It's early, real early—I think sometime just before 5am. We're surrounded by jagged peaks and a herd of frothing dairy cows. The farmers and their herding dogs observe suspiciously as we unload our bikes. There's something about leaving this early—it leaves no question that we'll be getting to the goods before sunrise.
I'm the person who is going to be ready last. Every group has one, and it's usually me. This morning's ride is no different as I'm scrambling to get all my shit organized and onto my body. It has overwhelmed me, and I am unable to keep tabs on Kenny and Casey as they get ready.
Once I finally sort out my situation, I hop on my bike and take a survey of everyone else.
Wait, what? Is that a plum? Is that a plum with legs? I know I said it's early, but I've had some coffee and I can't be hallucinating. So, what is that? Kenny is wearing maroon from head to toe. I lose it. Kenny is one of the finest guys you'll ever meet but today he looks like a hillbilly going to court.
We set off and, for the first 300 meters, we all laugh at Kenny choosing his kit in the dark. But the laughter stops when we reach the trailhead and realize that the route we're to follow leads from the valley floor straight to the stratosphere. We're going up—way up. Our guide Ash basically points to the highest cliff we can see and says, "We're going there."
We've been hiking, bike overhead, for nearly two hours, and we can no longer hear the cowbells echoing from the valley below. The pressure is building from balancing my bike in the same spot on my shoulder.
"Which way?" asks Kenny, as we reach a split in the trail. "Oh man, cows seem like the laziest animals, so we should follow their hoof prints." I don't even know if this is a logical decision, but Kenny bites—hook, line, and sinker. We could wait for the guide, but we're far ahead of him and I'm covered in sweat—not a dry thread on me. Kenny looks like a wet dish rag—one that was just used to clean up a spilled bottle of wine.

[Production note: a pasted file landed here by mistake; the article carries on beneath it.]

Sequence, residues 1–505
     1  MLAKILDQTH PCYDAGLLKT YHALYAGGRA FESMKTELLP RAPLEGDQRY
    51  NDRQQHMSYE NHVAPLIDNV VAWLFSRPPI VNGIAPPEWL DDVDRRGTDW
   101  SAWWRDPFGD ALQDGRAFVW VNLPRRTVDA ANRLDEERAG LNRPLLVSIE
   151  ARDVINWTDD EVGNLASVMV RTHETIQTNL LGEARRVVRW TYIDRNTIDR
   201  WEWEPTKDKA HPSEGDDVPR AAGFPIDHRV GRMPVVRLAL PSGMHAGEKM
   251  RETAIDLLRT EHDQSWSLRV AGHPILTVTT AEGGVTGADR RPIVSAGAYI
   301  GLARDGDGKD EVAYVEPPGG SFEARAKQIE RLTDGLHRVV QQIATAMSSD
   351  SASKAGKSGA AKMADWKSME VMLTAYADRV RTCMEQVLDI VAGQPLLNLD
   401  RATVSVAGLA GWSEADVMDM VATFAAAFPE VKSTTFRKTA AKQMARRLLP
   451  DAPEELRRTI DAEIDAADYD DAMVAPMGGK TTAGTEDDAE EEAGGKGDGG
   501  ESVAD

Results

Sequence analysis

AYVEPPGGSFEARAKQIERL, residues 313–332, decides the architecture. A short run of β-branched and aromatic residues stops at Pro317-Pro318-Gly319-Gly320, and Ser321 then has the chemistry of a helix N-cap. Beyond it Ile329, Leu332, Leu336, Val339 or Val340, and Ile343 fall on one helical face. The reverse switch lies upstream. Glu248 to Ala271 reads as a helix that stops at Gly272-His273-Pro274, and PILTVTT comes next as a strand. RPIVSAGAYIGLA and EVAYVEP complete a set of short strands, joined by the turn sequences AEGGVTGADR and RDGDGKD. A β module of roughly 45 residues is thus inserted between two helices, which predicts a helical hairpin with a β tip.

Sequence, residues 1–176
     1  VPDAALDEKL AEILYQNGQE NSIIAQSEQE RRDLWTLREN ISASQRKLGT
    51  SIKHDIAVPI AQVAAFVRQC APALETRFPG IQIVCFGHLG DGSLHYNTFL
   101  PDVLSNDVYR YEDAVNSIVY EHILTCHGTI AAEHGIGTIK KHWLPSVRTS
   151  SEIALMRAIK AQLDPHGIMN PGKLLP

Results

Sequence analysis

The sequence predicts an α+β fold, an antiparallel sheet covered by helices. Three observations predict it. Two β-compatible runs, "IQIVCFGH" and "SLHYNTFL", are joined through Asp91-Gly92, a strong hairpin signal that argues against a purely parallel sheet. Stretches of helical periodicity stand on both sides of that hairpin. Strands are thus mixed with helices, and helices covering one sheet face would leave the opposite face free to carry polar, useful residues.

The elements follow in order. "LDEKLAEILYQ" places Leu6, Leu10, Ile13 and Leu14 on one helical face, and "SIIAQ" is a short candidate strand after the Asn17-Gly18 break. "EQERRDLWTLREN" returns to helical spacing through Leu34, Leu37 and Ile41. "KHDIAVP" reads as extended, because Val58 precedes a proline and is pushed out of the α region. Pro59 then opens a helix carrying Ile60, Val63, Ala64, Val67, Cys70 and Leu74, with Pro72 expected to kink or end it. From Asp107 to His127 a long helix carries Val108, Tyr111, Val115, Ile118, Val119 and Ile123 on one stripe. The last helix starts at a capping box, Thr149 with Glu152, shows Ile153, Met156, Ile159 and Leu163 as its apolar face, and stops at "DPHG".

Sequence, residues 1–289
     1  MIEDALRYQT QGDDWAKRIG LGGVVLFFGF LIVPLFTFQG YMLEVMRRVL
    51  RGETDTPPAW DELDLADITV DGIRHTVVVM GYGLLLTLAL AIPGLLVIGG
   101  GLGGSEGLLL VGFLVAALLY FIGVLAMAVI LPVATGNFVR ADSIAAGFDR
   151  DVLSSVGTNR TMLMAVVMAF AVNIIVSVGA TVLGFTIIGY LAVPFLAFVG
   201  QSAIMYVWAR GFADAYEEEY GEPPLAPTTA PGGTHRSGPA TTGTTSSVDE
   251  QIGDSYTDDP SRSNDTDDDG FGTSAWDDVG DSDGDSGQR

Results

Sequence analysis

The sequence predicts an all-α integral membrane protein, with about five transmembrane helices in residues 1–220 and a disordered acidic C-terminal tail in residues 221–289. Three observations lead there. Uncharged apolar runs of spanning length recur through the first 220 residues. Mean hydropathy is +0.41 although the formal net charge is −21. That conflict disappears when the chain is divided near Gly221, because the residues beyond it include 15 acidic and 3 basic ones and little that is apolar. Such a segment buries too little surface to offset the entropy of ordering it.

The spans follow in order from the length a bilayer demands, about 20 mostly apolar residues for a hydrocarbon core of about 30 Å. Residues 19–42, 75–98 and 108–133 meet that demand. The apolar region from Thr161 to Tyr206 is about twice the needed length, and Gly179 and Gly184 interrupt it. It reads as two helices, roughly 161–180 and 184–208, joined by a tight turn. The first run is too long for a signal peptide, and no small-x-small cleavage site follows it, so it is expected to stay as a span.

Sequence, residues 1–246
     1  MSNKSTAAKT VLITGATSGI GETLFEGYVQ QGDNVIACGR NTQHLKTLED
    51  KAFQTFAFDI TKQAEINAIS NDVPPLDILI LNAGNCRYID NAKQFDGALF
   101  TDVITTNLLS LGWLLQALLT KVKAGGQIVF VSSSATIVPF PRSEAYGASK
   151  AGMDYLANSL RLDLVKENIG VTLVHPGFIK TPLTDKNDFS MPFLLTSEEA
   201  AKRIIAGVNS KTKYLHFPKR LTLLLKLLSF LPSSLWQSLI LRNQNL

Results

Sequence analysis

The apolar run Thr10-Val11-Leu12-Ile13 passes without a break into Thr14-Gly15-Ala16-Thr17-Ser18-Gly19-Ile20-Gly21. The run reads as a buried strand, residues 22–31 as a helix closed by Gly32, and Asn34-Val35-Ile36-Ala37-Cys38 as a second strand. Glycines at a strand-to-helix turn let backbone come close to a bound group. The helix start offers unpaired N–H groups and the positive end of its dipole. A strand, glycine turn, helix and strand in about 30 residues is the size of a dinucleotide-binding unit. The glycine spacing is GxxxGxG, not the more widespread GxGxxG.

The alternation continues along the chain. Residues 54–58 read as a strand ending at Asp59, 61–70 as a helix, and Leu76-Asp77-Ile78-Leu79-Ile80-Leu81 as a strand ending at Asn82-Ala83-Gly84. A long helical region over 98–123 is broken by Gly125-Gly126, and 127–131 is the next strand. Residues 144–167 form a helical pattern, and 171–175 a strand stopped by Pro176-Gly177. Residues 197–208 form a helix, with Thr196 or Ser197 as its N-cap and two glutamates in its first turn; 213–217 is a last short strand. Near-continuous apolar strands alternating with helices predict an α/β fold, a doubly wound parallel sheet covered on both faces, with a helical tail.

The cow-trail decision has put us on the steepest path, but we're finally getting closer to the top. It's at the point that Kenny starts to yell something about how "We're really doin' it! We're really doin' it!" He's being ridiculous and I'm finding it funny for no reason. With my bike balanced on my back, I'm having to do some anti-gravity laugh-crouching as I try not to fall backward off the face of earth. Kenny is going on about "REALLY DOING IT" and I can't control my laughter any longer.
I finally collect myself and finish the last few switchbacks. When I catch up to Kenny, he's perched himself at the perfect vista — a sound choice considering he was being so ridiculous just moments earlier. I pull on a windbreaker, whip out a baguette with cheese and we play wow, look at that cool shit—an adult's version of I Spy.
When Casey gets to the top, she tells us about a herding dog that had joined her. She says it made her so happy to take her time and chat with a French doggo. She says the dog stayed with her until just about back there. She points back down a few switchbacks and there it is, watching to make sure our herd all arrive at the summit. Getting to the top was a 1,000-meter slog, and we've still got time before the sun makes its appearance. We sit and enjoy the view. We are above everything. We're able to watch from above as planes land at the high-alpine airport in Courchevel.
For the next five hours we make our way along the ridge. The trail we're following will lead us to Planay, the village down the opposite valley. There are definitely some tense moments with the jagged trailside rocks that looked like pillars of coral reef and the deep sinkholes to the center of the earth. We are all adapting to the nuances of French riding culture, picking our way through the tight switchbacks, taking turns at taking turns, French lessons for us three.
We pause and watch. Each switchback is performed to an orchestra of shit-talk and heckles. The balance. The front brake feathering. The lift. The stoppie. The pivot and then the fun of a challenge completed or the slow-speed terror of going over the bars down a steep hillside. This is fun—I mean, this is great. We're learning to navigate these switchbacks from scratch. At this moment, here in the Alps, the ride has definitely becomes the switchback challenge and we all are having our moments of glory.
This is a glimpse into a morning mission up to the Col de Mey—a high alpine ridge that has a narrow window without snow. It was mid September and we were granted a sunny day and low winds. When we made our way down the ridge to Pralognan-la-Vanoise we enjoyed a lunch at a local cafe called Le Pré du Coin. We ate in the shadow of the Col de Mey, where it was fun to point up to where had been. We really did it.